Friday, February 23, 2007

UW-Milwaukee / UW-Waukesha merger

I've been trying to figure out how this would work. Would students attend classes on both campuses? Would they have 10 minutes between classes? Would different programs be offered on each campus? Would transportation between campuses be provided?

The JS is reporting today that a new report says the merger could cost $25 million a year. The report doesn't explain all the costs, though, a pretty good sign that readers of said report should be highly skeptical of what they are reading.

The paper also reports:

Advocates of the merger have contended that it would allow the Waukesha campus to offer a wider range of services, improve education and promote synergy and efficiency.

Any time the word "synergy" is bandied about in support of anything, readers/listeners/watchers are advised to be highly skeptical of the viability of the proposal at hand.

That is just one of those rules of life that serves one well.

1 comment:

Anonymous said...

Interesting questions arise, because this came from the Waukesha business community, not from either campus and the people who have dedicated themselves to the different levels of education offered. Very few people, and almost all of them administrators, have been involved in this so far.

Teachers -- fulltime academic staff and faculty -- have job status that is spelled out in state law, as are their (different) promotion processes. And they have been hired with different expectations, different contracts, and thus different pay levels at the different campuses -- one offering the first two years of college, the other offering all four years plus master's and doctoral programs.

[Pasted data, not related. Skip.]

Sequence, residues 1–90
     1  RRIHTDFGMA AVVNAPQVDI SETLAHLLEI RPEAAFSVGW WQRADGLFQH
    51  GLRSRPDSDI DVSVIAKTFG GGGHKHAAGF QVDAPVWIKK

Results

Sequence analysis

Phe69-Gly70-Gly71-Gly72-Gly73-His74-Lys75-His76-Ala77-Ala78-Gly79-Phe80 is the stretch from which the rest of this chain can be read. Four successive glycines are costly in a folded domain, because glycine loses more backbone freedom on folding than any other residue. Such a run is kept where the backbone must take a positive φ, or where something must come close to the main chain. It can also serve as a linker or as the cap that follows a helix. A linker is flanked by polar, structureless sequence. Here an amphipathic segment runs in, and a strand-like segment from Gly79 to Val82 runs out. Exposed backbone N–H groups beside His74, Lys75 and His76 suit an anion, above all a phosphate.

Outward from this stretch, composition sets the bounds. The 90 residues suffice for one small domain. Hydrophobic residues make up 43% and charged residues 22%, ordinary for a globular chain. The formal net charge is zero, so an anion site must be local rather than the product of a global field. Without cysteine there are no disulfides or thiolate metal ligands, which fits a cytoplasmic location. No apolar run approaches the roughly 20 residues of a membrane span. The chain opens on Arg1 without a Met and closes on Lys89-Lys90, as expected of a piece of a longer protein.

Are those hired at UWW and coming up for promotion, after meeting and probably exceeding expectations there, suddenly going to find themselves facing far different expectations? It takes a lot of years to line up grants or get out scholarly books, part of the expectations for promotion (to tenure of faculty, or they have to leave, and then to higher ranks past tenure) at UWM. Will labor lawyers benefit from this more than students at either campus?

Since the Waukesha business community wanted it, how much will it pay of the costs -- and how much will it first get back from the county's investment in the current UWW campus, since two-year campus land and buildings come from county taxes as much as from state taxes?

And can an expanded campus fit on the current Waukesha site? What will be the impact of more roads, more runoff, on the nearby neighborhoods? (And on the water supply -- how many new toilets would be flushing on an expanded campus? -- since that is an issue affecting growth in Waukesha, under federal warnings about its currently substandard water and currently bans from taking yet more from Lake Michigan that is not being returned to the water table to the east.)

Or will the current campus be abandoned for one in the eastern water table area, and how much of the $25 million cost is not to pay the county for the UWW land and buildings but for a new campus and new buildings? Is a less costly option the UWM plan to build a satellite close to the county line, at the Milwaukee County Hospitals?